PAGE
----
Are your customers going to buy your product from a supermarket or do they order it online? A recent study found that a good number of online shoppers are keen on buying something that appeals to them. So, if you plan on selling entirely online or are an online-first brand, you’ll need to ensure that your design too is exceptional.

Earlier, we had shared a photograph of a supermarket shelf. Take a look at it again. If you plan on selling your product through supermarkets, this is how your competition would look like. How can you be different and at the same time not alienate people. If you sell products for senior citizens, you can’t look like a hipster. You’ll need to look more dignified with bigger font sizes and lesser text. The only trouble is that a lot of your competitors are doing the same. In times like these, you’ll need to study your competitors and see what you can present that they haven’t or, how you can do it better than them.

These are just some of the important questions that you need to answer. The best way to get about this is to bring your team together and go around asking and answering questions. Try to be specific.

Question: When a consumer looks at your packaging, what’s the one thing you want them to remember?

Question: Can I sell my kids’ product in a glass bottle?

Question: Can I use a simple paper wrapper to sell my artisanal chocolate?

The more questions you ask and answer, the better your packaging looks.

Be Chik. Be Inventive.

Our objective in this essay is to help you understand the basics of packaging design and why it is important to not ignore packaging design. With an original idea, you can pave the future of your industry. Chik shampoo began selling their products in a 5ml sachet that could be bought for just 1 rupee. This was because the brand aimed at connecting with consumers in the lower end of the socioeconomic line.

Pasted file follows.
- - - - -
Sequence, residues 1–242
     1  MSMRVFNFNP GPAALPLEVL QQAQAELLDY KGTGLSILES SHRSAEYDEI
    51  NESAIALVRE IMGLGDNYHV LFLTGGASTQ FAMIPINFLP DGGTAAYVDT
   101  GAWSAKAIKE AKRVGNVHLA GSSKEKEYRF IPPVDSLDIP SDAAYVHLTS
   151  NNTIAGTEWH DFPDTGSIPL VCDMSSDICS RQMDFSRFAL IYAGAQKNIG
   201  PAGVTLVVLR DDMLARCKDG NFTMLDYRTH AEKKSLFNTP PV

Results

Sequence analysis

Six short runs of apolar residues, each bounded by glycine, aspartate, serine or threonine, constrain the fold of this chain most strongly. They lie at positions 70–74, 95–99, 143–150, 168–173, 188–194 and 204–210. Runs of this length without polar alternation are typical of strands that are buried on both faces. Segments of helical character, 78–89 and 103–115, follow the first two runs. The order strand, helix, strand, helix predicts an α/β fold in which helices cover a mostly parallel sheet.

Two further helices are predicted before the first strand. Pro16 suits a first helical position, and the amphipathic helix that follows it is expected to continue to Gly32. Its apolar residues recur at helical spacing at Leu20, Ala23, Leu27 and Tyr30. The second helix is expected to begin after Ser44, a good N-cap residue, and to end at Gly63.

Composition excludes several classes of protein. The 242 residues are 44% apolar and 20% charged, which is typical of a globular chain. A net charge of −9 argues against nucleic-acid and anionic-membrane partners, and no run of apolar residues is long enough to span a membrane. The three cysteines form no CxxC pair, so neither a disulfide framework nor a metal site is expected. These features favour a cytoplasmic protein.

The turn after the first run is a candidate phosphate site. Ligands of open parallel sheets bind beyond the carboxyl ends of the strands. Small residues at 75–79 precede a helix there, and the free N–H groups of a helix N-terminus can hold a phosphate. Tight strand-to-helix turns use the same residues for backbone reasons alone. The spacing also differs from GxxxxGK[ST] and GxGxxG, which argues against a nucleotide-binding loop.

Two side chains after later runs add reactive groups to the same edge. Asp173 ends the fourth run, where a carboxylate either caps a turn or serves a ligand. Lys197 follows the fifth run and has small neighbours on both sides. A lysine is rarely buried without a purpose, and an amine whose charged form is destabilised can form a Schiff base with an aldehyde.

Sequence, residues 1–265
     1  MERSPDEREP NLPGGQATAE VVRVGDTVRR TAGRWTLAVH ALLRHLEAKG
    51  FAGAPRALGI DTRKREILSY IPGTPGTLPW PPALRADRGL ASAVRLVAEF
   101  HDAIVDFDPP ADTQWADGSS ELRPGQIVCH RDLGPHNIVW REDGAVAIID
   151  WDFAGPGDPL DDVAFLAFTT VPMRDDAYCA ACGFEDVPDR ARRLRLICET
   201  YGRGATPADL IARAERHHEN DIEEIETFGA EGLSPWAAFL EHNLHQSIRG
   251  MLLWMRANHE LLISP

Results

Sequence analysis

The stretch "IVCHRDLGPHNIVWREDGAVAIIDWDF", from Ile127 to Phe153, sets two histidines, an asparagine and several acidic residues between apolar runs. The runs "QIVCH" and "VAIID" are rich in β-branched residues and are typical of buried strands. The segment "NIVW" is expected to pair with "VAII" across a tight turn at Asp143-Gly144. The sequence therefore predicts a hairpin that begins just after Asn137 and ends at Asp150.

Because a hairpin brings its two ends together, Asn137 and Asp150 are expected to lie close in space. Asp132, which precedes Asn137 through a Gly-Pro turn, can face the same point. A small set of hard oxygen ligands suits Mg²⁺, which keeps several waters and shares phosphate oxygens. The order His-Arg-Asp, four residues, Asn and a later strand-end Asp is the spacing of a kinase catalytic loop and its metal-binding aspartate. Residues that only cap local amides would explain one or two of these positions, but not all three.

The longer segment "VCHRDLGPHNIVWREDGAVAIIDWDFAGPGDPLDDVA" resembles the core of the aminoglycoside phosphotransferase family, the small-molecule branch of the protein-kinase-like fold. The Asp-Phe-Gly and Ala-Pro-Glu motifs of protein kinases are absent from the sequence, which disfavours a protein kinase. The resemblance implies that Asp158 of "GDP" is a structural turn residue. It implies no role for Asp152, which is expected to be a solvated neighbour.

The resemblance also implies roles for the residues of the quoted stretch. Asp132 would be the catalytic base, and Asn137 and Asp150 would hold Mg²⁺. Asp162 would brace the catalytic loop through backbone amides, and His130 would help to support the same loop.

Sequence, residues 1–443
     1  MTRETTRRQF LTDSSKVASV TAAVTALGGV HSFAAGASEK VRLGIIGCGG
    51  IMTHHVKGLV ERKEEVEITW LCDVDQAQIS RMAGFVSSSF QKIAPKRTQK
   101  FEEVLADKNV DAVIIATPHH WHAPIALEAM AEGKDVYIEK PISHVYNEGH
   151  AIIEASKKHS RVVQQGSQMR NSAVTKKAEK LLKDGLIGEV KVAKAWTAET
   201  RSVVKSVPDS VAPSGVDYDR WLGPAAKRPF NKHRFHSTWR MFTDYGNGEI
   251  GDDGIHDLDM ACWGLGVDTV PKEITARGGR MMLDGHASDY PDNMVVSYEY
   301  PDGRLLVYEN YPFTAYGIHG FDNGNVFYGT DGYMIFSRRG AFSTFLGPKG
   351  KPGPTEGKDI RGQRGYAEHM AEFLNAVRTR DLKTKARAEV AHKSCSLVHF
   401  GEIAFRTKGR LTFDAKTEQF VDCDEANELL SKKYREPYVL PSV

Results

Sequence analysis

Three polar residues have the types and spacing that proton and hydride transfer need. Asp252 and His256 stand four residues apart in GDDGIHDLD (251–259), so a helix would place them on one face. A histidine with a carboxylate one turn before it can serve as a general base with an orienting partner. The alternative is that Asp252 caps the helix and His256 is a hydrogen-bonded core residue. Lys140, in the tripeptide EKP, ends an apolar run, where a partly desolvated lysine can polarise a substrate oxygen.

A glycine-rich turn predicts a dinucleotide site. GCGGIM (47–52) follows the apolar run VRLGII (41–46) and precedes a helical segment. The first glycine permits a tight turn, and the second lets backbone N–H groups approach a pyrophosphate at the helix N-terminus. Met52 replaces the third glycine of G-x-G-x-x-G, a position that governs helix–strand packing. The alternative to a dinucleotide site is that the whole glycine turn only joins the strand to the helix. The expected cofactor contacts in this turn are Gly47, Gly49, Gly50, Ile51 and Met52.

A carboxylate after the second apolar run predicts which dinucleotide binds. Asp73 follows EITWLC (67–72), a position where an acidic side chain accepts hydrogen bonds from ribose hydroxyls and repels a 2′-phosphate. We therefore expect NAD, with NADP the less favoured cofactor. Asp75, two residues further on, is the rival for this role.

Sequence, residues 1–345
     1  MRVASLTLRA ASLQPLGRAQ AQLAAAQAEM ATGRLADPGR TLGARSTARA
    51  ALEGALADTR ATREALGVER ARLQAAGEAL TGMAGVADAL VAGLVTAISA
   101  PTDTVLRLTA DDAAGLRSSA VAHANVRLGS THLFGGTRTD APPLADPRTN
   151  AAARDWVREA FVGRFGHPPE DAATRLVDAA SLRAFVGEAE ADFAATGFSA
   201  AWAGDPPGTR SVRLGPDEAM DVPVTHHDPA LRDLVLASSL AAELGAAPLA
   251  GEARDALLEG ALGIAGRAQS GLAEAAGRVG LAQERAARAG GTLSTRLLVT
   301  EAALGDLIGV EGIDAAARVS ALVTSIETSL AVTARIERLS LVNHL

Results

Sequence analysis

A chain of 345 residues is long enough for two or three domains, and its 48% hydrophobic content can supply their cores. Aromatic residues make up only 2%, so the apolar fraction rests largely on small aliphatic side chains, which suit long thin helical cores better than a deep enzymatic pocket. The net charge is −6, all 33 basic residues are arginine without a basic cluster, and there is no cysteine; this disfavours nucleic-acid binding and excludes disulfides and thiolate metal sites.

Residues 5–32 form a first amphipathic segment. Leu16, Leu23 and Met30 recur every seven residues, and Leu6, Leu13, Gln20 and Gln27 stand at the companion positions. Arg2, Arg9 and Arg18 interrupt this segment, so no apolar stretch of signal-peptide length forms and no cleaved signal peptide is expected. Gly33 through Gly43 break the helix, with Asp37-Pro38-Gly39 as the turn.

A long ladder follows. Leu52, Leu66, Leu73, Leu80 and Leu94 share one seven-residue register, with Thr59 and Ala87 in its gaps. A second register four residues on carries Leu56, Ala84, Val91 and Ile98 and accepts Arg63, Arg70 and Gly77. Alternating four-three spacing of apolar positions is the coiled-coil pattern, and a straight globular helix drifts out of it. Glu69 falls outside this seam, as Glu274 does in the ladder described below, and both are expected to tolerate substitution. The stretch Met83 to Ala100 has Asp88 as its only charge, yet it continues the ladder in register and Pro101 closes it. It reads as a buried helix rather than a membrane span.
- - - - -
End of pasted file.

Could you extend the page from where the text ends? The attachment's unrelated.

Shampoos at that time were sold in plastic cylinders and tubes (with a minimum quantity of 100ml), and were seen as a luxury than a commodity. After Chik’s sachets became a huge success, other brands ventured into selling by sachets. Today, more sachets are purchased than bottles and cylinders, not only because it’s cheap, but also because it’s convenient. Sachets are the best choice for travellers and for those looking to try out a product for a short amount of time.

Your customer’s experience with your product will decide their loyalty. But, in order to get them to choose your product, among several others, you’ll need to look different and look better.

Still confused on packaging design? Give us a holler on Facebook or Instagram and we’ll get in touch with you. You can also view our recent packaging designs here.

written by Sukkrish Aadds